By Tom Collins
SPENCERVILLE — For the third time in four years, Riverdown Holsteins was honoured with the top calf at the EastGen 4-H Showcase.
Riverdown Atwood Jiggajoyride was crowned as champion calf at the Spencerville show on July 9. The calf, shown by Jocelyn Taylor of Carleton County, is owned by Riverdown Holsteins, which is run by John and Karen Velthuis and their son, Justin, at Metcalfe.
Karen said that when that calf was born, Jiggajoyride had the extremely long legs, long body and long neck that judges like to see, a thought echoed by EastGen judge Andrew den Haan, of Fergus in Wellington County.
“For me, she was an open-framed heifer that you admire with the pin and with the hook,” said den Haan. “She tracks out extremely well, and has a good leg for the size of the heifer. Just that overall mass and openness that the heifer exemplifies is what got her (top spot).”
Velthuis says her family ensures the calves are born at the right time. While there are certain cows in their herd that they count on to make the show calves, they also look to specific bulls — such as Atwood, Doorman, Denver, Douglas, Avalanche, Sidekick and Unstopabull — to get better show heifers.
This year, the Velthuis’ have 12 4-H calves entered at various shows. With that many animals, Velthuis has a system to determine which calf each 4-H kid is going to show.
“The little kids are going to have March calves because they are not big enough to have anything else,” she said. “My older members that are not too tall will have the September-December (calves). That means the taller ones have to show junior yearlings and summer yearlings.”
The kids that are the best showmen get the best animals, which is how Jocelyn Taylor wound up with Jiggajoyride.
“She’s a smart kid,” said Velthuis. “You can make a good showman out of a smart kid. She’s very articulate about the little points. She knows how to pinch them properly and to keep the feet under them and little things like that. Sometimes you can’t teach that. You either have it or you don’t.”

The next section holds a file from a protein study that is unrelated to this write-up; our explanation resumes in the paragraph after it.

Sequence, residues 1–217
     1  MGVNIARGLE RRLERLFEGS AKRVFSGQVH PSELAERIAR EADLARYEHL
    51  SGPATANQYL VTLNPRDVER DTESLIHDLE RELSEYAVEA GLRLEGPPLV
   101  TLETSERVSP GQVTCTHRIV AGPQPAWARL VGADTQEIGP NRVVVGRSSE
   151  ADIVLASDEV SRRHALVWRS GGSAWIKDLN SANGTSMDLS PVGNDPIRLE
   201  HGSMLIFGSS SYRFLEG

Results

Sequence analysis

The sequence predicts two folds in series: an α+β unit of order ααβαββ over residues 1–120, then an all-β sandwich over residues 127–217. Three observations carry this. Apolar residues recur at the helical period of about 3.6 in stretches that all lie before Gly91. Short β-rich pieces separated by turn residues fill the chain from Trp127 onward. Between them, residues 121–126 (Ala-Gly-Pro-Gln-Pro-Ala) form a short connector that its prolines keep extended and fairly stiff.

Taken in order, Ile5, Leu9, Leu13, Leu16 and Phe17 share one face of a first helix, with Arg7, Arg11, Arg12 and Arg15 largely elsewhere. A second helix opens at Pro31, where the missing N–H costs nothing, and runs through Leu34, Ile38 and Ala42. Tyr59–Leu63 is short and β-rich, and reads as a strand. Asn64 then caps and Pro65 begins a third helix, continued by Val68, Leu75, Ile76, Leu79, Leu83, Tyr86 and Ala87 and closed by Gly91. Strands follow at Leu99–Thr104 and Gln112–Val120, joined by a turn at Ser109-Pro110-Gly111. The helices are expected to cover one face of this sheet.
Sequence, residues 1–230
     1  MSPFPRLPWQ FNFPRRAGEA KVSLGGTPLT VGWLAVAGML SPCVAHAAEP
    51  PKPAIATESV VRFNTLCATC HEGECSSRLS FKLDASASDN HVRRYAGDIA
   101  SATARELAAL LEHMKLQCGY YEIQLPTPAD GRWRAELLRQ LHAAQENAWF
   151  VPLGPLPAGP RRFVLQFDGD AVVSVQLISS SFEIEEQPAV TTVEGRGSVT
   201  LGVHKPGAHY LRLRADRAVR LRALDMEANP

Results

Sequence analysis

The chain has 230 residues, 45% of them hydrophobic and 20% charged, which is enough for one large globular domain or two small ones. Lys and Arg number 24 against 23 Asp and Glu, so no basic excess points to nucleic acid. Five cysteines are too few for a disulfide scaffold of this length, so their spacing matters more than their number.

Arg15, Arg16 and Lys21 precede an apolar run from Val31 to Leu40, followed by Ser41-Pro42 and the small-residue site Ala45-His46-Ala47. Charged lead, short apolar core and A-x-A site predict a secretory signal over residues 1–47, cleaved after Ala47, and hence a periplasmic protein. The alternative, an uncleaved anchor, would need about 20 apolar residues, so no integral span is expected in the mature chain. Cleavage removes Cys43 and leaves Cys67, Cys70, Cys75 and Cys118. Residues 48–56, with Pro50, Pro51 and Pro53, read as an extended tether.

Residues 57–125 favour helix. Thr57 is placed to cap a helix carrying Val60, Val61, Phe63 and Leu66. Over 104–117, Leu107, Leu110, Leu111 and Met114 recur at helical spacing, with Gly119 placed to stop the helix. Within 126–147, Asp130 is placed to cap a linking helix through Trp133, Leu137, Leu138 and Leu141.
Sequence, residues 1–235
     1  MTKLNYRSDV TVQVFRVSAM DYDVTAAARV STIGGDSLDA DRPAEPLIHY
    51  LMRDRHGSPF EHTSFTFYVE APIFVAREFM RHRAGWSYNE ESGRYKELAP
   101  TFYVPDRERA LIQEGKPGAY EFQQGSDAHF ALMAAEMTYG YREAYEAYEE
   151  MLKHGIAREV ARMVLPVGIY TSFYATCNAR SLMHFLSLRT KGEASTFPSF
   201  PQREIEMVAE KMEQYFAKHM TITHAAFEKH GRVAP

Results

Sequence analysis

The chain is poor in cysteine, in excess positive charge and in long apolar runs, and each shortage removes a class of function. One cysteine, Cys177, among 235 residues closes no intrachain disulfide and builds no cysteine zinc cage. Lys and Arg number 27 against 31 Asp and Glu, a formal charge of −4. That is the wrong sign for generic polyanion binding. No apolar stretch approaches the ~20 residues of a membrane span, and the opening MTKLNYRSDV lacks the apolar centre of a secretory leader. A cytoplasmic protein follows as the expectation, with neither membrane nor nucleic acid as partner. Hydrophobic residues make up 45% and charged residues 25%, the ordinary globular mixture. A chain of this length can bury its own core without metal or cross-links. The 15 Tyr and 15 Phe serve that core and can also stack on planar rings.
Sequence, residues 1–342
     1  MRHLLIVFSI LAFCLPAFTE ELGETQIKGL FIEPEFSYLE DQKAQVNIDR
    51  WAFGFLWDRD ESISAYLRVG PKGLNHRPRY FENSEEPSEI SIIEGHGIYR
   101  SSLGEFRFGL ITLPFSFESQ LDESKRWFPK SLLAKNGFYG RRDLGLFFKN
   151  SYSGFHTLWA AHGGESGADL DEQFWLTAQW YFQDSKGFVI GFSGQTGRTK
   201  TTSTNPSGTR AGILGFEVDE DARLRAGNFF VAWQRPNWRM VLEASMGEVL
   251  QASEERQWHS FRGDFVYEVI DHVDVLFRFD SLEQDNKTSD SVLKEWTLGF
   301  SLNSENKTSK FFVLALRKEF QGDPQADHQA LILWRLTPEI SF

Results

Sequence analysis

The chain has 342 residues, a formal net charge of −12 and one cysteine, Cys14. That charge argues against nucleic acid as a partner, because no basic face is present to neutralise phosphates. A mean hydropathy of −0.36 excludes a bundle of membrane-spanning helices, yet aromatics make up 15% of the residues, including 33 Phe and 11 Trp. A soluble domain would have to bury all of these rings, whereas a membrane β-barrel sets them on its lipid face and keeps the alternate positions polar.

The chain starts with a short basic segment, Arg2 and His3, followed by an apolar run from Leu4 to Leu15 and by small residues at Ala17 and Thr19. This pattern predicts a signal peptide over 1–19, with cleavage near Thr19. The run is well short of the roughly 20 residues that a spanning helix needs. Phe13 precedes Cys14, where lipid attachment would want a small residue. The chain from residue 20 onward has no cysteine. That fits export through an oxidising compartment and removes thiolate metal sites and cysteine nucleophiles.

With so many 4-H calves, there are also as many kids coming in to look after them. Some kids are there every day helping with chores, while others show up two-to-four times a week. Of the 12 calves, only four are shown by children of dairy farmers.
The shows are a family affair. On show days, Justin gets the calves looking their best before the ring while Karen works with her 4-H showpeople on showmanship. John is in charge of trucking.
Raising good show calves is about paying attention to the small details, said Velthuis, who spends about six hours a day looking after the 4-H calves. She is very diligent about feeding the animals, giving them milk three-to-six times a day as newborns. There are 16 calves in the show barn and no two are fed the same ration.
“When they hit the ground, it’s pretty obvious sometimes that they’re going to be show animals,” she said. “You can feed whatever you want, but if you’re not starting off with a good one, you’re not going to end up with a good one.”
As they get older, the calves eat a lot of protein and hay and are housed in a separate barn where they are hand watered. The barn is well-ventilated with nine fans and the calves go into an exercise yard at night. Every day, top lines are washed and they work on the hair.
The farm has participated in 4-H shows for more than 50 years. After 40 years of leading 4-H clubs on and off, Karen retired as a leader last year, but is chairing the National Holstein Convention when it comes to Ottawa in April, 2021.
Here are the results from the EastGen Showcase:
Champion showperson: Logan Merrett of Carleton County
Reserve: Courtney Orser of Frontenac County
Champion calf: Riverdown Atwood Jiggajoyride, shown by Jocelyn Taylor of Carleton County
Reserve: Duckett Sidekick Ollie, shown by Jasmine Uhr of Stormont County
Overall champion: Taylor Van der Meulen of Northumberland County
Reserve: Natalie Templeton of Grenville County
Top quiz: Alicia Sutton of Grenville County
Best exhibit: Leeds County
Premier county: Carleton County